In a multi-‘cat’ experiment, the textbook interpretation of quantum theory seems to lead to contradictory pictures of reality, physicists claim.

In the world’s most famous thought experiment, physicist Erwin Schrödinger described how a cat in a box could be in an uncertain predicament. The peculiar rules of quantum theory meant that it could be both dead and alive, until the box was opened and the cat’s state measured. Now, two physicists have devised a modern version of the paradox by replacing the cat with a physicist doing experiments — with shocking implications.

Quantum theory has a long history of thought experiments, and in most cases these are used to point to weaknesses in various interpretations of quantum mechanics. But the latest version, which involves multiple players, is unusual: it shows that if the standard interpretation of quantum mechanics is correct, then different experimenters can reach opposite conclusions about what the physicist in the box has measured. This means that quantum theory contradicts itself.

The conceptual experiment has been debated with gusto in physics circles for more than two years — and has left most researchers stumped, even in a field accustomed to weird concepts. “I think this is a whole new level of weirdness,” says Matthew Leifer, a theoretical physicist at Chapman University in Orange, California.

The authors, Daniela Frauchiger and Renato Renner of the Swiss Federal Institute of Technology (ETH) in Zurich, posted their first version of the argument online in April 2016. The final paper appears in Nature Communications on 18 September1. (Frauchiger has now left academia.)

Weird world

Quantum mechanics underlies nearly all of modern physics, explaining everything from the structure of atoms to why magnets stick to each other. But its conceptual foundations continue to leave researchers grasping for answers. Its equations cannot predict the exact outcome of a measurement — for example, of the position of an electron — only the probabilities that it can yield particular values.

Quantum objects such as electrons therefore live in a cloud of uncertainty, mathematically encoded in a ‘wavefunction’ that changes shape smoothly, much like ordinary waves in the sea. But when a property such as an electron’s position is measured, it always yields one precise value (and yields the same value again if measured immediately after).

The most common way of understanding this was formulated in the 1920s by quantum-theory pioneers Niels Bohr and Werner Heisenberg, and is called the Copenhagen interpretation, after the city where Bohr lived. It says that the act of observing a quantum system makes the wavefunction ‘collapse’ from a spread-out curve to a single data point.

The Copenhagen interpretation left open the question of why different rules should apply to the quantum world of the atom and the classical world of laboratory measurements (and of everyday experience). But it was also reassuring: although quantum objects live in uncertain states, experimental observation happens in the classical realm and gives unambiguous results.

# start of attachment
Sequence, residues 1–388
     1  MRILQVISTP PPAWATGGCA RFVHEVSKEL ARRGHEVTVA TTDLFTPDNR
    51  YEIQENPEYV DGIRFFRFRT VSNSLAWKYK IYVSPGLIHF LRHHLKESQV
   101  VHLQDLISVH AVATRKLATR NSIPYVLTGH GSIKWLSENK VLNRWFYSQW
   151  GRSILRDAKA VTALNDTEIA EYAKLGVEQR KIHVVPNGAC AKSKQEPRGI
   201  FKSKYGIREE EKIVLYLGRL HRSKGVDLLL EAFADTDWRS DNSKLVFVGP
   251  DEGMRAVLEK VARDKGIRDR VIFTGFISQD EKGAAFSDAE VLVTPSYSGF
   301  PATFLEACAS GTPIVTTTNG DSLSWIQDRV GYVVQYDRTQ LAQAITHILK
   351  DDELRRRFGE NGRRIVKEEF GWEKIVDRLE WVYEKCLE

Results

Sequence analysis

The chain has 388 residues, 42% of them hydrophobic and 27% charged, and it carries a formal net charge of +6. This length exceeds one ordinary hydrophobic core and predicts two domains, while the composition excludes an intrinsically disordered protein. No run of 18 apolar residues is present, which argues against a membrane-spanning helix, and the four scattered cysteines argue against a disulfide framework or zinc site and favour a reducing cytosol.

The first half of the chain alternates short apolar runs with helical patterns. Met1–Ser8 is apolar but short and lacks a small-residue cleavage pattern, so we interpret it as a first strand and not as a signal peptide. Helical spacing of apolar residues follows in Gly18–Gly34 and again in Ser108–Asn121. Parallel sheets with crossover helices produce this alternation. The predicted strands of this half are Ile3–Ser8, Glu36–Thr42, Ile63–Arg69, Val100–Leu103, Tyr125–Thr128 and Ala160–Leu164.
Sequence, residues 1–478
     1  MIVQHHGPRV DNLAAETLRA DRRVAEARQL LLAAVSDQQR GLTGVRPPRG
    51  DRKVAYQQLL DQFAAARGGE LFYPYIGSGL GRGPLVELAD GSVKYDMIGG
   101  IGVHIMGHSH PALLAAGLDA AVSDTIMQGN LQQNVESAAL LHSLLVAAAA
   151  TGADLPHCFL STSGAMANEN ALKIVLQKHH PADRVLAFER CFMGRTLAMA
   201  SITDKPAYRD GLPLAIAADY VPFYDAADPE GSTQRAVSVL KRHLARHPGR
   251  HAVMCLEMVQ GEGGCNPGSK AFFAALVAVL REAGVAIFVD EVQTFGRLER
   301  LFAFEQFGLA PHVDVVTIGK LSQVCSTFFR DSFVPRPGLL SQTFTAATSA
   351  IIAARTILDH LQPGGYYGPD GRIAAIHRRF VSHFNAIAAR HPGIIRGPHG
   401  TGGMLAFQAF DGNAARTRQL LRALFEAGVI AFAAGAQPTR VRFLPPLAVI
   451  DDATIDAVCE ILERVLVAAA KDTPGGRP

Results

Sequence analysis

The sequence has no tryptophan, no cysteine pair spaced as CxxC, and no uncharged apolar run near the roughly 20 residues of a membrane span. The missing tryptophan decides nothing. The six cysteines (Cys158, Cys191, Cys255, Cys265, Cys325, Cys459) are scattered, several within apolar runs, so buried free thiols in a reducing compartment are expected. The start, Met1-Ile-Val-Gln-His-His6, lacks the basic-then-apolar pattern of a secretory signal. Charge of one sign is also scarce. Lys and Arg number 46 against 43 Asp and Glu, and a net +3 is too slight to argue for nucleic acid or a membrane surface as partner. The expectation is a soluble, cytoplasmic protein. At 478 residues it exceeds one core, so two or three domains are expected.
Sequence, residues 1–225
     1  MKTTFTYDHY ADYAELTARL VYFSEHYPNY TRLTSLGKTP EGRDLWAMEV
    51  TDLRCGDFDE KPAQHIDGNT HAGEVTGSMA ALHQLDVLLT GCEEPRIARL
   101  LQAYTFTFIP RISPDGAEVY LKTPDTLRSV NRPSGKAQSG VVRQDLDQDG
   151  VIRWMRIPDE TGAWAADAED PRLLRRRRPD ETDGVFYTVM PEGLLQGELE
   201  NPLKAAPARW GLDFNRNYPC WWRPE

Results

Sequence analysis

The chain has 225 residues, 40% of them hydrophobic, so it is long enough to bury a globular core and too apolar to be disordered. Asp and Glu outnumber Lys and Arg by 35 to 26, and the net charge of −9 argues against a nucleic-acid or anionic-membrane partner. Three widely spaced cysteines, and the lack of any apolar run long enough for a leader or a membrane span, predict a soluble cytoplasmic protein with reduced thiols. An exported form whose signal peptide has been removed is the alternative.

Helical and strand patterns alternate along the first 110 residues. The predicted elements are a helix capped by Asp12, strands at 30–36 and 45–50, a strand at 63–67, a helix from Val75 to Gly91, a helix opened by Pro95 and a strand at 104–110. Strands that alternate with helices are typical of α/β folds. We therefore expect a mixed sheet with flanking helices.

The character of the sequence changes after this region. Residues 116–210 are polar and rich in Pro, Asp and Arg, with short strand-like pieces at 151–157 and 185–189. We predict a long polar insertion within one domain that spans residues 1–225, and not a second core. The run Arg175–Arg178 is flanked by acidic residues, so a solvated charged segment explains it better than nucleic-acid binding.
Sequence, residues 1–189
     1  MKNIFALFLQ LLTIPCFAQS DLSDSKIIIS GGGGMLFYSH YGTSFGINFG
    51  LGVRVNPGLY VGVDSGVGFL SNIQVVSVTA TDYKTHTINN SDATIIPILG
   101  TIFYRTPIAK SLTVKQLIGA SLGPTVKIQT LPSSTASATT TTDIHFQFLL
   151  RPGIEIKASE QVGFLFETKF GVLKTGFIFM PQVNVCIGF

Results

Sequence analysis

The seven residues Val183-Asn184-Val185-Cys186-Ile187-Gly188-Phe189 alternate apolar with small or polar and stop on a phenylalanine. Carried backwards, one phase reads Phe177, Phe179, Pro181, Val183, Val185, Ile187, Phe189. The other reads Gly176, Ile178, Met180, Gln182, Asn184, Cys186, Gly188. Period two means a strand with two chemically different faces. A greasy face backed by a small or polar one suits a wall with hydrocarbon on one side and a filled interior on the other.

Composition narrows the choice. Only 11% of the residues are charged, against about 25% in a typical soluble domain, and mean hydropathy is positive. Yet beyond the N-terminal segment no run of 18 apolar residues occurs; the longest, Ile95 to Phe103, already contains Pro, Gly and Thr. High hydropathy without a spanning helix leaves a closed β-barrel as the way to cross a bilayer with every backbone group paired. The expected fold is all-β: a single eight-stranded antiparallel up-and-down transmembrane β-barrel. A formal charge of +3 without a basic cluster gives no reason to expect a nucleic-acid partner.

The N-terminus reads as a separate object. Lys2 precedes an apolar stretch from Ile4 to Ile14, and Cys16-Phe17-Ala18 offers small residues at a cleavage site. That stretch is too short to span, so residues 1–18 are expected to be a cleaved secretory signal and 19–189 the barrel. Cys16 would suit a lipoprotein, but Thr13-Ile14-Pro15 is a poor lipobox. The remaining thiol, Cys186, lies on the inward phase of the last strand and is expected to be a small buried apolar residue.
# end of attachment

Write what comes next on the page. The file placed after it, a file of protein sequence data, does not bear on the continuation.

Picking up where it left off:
Now, Frauchiger and Renner are shaking physicists out of this comforting position. Their theoretical reasoning says that the basic Copenhagen picture — as well as other interpretations that share some of its basic assumptions — is not internally consistent.
What’s in the box?

Their scenario is considerably more involved than Schrödinger’s cat — proposed in 1935 — in which the feline lived in a box with a mechanism that would release a poison on the basis of a random occurrence, such as the decay of an atomic nucleus. In that case, the state of the cat was uncertain until the experimenter opened the box and checked it.

In 1967, the Hungarian physicist Eugene Wigner proposed a version of the paradox in which he replaced the cat and the poison with a physicist friend who lived inside a box with a measuring device that could return one of two results, such as a coin showing heads or tails. Does the wavefunction collapse when Wigner’s friend becomes aware of the result? One school of thought says that it does, suggesting that consciousness is outside the quantum realm. But if quantum mechanics applies to the physicist, then she should be in an uncertain state that combines both outcomes until Wigner opens the box.

Frauchiger and Renner have a yet more sophisticated version (see ‘New cats in town’). They have two Wigners, each doing an experiment on a physicist friend whom they keep in a box. One of the two friends (call her Alice) can toss a coin and — using her knowledge of quantum physics — prepare a quantum message to send to the other friend (call him Bob). Using his knowledge of quantum theory, Bob can detect Alice’s message and guess the result of her coin toss. When the two Wigners open their boxes, in some situations they can conclude with certainty which side the coin landed on, Renner says — but occasionally their conclusions are inconsistent. “One says, ‘I’m sure it’s tails,’ and the other one says, ‘I’m sure it’s heads,’” Renner says.